A compromise plan to overhaul the state's collective bargaining system for public workers was unveiled Tuesday in hopes of avoiding the tumult that engulfed Wisconsin in recent weeks.
Omaha Sen. Steve Lathrop, chairman of the Nebraska Legislature's Business and Labor Committee, offered the plan after several collective-bargaining measures were introduced earlier this session, including two that proposed to end collective bargaining for public employees.
"We explored virtually every aspect of the employee-employer relationship," Lathrop said. "It is a comprehensive and meaningful response to the call for change."
Republican Gov. Scott Walker of Wisconsin made national headlines earlier this year when he proposed severely curtailing the right of public workers to collectively bargain for wages and benefits. The effort resulted in mass protests in and around the Wisconsin Capitol before the measure was adopted.
Nebraska law prevents public unions from striking. In exchange, it requires government employers to bargain with unions and gives the power to solve labor disputes to the Commission of Industrial Relations.
But Nebraska cities in particular have complained that the commission was inconsistent and unpredictable in its decisions.
Lathrop and Omaha Sen. Brad Ashford assembled a group that included the League of Municipalities, the state Chamber of Commerce and labor unions to draft the 67-page plan, which was amended into an existing bill (LB397) and sent to the full Legislature for debate.
It represents the first comprehensive overhaul to the state's collective bargaining law since 1969.
"There is no question that this is a significant rewrite," Ashford said.
The genesis for much of the dispute over collective bargaining can be found in the recession. While many employees of private companies have lost jobs or seen wages frozen, many public employees have continued to get raises through union contracts.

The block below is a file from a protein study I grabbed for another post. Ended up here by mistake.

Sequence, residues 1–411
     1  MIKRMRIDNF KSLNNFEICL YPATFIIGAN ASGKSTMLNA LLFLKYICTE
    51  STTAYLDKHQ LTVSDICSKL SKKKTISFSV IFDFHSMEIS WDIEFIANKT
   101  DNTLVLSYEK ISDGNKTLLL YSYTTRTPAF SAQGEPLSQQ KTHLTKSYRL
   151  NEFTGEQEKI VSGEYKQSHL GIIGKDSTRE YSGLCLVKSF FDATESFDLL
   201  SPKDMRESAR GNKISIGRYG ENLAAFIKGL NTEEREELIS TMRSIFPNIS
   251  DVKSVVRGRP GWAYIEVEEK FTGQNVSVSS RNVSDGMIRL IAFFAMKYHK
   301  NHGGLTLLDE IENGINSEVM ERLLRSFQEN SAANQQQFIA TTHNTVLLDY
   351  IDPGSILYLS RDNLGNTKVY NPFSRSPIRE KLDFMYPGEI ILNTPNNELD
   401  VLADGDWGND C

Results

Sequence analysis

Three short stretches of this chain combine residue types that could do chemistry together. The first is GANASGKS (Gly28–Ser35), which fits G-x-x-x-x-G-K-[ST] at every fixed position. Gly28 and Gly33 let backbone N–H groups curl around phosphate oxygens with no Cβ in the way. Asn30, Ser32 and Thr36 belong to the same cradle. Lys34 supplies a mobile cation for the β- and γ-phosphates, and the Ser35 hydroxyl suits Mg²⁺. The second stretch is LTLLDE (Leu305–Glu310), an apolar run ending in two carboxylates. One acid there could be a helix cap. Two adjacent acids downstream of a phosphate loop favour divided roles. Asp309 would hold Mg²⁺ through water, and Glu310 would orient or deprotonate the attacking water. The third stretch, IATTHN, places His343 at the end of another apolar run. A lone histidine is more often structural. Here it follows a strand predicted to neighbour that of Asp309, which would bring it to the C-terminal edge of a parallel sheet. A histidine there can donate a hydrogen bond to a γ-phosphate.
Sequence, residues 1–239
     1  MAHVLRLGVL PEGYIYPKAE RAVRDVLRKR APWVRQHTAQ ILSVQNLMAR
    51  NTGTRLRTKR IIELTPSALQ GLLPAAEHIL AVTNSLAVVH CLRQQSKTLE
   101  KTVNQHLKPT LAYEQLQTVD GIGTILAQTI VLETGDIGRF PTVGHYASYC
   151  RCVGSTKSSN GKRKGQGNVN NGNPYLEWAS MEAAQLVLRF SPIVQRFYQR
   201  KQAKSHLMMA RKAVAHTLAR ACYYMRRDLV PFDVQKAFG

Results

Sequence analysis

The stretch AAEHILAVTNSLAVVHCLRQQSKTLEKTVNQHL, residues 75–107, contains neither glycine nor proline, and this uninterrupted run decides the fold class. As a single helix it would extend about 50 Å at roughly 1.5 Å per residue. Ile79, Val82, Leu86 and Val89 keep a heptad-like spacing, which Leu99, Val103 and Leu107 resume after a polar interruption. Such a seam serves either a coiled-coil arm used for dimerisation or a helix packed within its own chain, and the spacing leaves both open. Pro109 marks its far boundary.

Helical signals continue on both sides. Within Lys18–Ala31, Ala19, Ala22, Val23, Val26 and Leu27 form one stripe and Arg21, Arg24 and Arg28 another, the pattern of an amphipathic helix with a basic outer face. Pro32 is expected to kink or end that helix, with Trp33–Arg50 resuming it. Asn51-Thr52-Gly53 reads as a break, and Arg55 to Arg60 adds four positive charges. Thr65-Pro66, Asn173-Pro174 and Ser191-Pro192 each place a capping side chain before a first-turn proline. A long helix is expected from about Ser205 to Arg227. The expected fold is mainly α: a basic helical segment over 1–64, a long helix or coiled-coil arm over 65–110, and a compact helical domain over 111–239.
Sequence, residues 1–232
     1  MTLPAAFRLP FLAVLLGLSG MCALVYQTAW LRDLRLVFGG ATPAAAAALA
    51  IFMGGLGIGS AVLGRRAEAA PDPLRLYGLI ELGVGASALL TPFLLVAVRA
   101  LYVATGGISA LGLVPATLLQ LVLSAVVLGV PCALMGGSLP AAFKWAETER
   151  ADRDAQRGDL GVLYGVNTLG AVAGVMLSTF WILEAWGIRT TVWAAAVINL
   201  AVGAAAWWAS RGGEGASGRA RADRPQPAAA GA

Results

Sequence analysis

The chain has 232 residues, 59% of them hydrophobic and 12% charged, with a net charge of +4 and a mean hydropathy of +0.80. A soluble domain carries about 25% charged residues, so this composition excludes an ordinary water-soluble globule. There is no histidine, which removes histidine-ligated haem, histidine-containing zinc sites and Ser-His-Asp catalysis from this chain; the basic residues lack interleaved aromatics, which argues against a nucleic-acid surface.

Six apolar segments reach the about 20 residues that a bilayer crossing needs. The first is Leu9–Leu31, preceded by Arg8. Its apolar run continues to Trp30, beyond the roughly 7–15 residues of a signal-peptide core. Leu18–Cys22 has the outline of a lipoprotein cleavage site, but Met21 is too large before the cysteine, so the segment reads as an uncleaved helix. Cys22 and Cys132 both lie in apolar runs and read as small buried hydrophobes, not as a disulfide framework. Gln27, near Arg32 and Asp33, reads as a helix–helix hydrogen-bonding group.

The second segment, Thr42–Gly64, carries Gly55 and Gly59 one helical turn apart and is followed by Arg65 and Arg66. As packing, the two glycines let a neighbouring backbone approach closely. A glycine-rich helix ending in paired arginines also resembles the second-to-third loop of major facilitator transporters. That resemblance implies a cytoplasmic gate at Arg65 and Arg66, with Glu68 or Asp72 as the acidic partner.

Some 43,500 Nebraskans are covered by collective bargaining.
City officials complain that the current system -- which bases wage decisions on those paid for comparable jobs in other towns -- is inconsistent and unpredictable. They also say cities used for comparing wages are often different from the Nebraska city with which they are being compared because of a higher cost of living.
Union representatives, on the other hand, would like a less expensive dispute system, one in which the experts don't have to travel across the country to visit other similar communities first-hand.
Lathrop said the compromise plan addresses those concerns; highlights of the plan include:
* Spells out criteria to be used by the CIR in deciding cases.
* Requires the CIR to consider workers' wages and pension and health care benefits when looking at compensation. Currently, the CIR uses only wages.
* If the total compensation being paid to workers is more than those being paid in a comparably-sized city, the compensation would be frozen until it equalizes in comparison to other similar cities.
* When compiling a group of other employers to use for comparing wages and benefits, preference will be given to those that are "geographically proximate" to Nebraska public and private employers.
* Tweaks the formula to include more private-sector employers when doing wage and benefits comparisons.
* Sets size criteria for using metropolitan areas to compare wages.
* School districts, educational service units and community colleges could request a hearing before the CIR if they feel they are unable to pay wages and benefits ordered by the CIR.
* School districts, educational service units and community colleges must begin wage negotiations by Nov. 1. If no agreement is reached by Feb. 8, the parties must submit to mediation unless both agree not to. If there is no agreement by March 25, either party can file a petition with the CIR, which must rule by Sept. 15.
* Requires smaller school districts in designated teacher shortage areas or those that have an academically underachieving school to negotiate financial incentives for retaining or recruiting teachers.
* Removes the option of using a special master to hear state union disputes before having a hearing before the CIR. All appeals of CIR rulings would go to the Nebraska Supreme Court instead of first going to the state Court of Appeals.
Of the 18,650 employees who work for the state, more than 11,000 are represented by labor unions.
In Lancaster County, more than 8,000 local government and public power workers, including about 3,100 Lincoln teachers, have jobs covered by public union contracts.
The Nebraska State Education Association is the union for the state's 26,000 teachers.